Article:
Schumpeter Prize–winning economist W. Brian Arthur's many years of thinking and writing about technology have culminated in a unique understanding of his subject. Here he examines the nature of technology itself and its seeming pattern of growth. He offers insights into the origin and evolution of specific technologies—from radar beams to laser printers, aircraft to power plants—as well as a new framework for thinking about all of them.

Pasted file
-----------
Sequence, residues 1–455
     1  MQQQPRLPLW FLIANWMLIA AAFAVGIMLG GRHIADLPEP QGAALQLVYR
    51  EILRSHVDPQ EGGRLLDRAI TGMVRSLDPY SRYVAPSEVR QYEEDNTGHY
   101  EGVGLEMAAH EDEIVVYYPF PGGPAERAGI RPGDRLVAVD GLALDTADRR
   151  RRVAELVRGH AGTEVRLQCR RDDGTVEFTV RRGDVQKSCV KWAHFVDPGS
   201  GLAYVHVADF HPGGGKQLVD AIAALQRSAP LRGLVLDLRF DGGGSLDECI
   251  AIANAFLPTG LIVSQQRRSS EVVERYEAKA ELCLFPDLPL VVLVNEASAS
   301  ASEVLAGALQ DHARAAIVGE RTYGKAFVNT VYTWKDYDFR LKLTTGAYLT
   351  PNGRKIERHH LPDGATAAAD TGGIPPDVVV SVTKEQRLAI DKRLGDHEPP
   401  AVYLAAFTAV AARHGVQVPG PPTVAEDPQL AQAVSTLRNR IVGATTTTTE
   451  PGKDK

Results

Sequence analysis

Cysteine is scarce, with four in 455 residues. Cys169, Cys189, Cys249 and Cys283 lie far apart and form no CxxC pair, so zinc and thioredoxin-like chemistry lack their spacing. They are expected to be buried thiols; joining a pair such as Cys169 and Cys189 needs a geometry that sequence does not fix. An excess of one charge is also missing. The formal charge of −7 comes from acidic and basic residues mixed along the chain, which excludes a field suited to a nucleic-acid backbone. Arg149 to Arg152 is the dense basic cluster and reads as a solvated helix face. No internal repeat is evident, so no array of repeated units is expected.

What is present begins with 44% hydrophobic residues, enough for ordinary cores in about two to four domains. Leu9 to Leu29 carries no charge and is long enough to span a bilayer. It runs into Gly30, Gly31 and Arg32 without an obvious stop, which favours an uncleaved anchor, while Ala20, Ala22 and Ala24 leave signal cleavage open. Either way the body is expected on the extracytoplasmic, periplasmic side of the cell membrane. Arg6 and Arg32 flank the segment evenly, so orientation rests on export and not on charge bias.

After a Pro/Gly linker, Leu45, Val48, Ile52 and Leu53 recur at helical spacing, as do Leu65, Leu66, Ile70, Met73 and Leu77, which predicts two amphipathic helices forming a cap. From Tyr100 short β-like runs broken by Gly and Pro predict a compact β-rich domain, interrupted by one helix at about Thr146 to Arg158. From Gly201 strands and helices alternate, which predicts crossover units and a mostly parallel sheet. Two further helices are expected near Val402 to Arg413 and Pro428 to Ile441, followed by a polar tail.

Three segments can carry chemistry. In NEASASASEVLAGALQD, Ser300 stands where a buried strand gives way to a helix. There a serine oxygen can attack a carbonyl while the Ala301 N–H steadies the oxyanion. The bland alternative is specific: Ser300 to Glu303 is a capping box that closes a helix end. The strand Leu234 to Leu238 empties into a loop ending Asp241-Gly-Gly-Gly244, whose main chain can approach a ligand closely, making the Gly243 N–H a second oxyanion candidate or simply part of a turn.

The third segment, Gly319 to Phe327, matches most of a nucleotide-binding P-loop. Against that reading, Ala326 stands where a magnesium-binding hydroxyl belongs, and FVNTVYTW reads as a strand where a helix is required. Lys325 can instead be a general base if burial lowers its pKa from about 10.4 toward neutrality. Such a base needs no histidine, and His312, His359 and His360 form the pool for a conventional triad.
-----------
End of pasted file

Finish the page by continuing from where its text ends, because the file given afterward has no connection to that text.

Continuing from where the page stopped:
"The most important book on technology and the economy since Schumpeter. In clear, lucid prose and with fascinating examples, Arthur describes how technology 'creates itself' in an evolutionary process that has taken our world from stone tools to iPods. A work of deep and lasting importance that deserves to be widely read—you will not think about technology the same way again."—Eric D. Beinhocker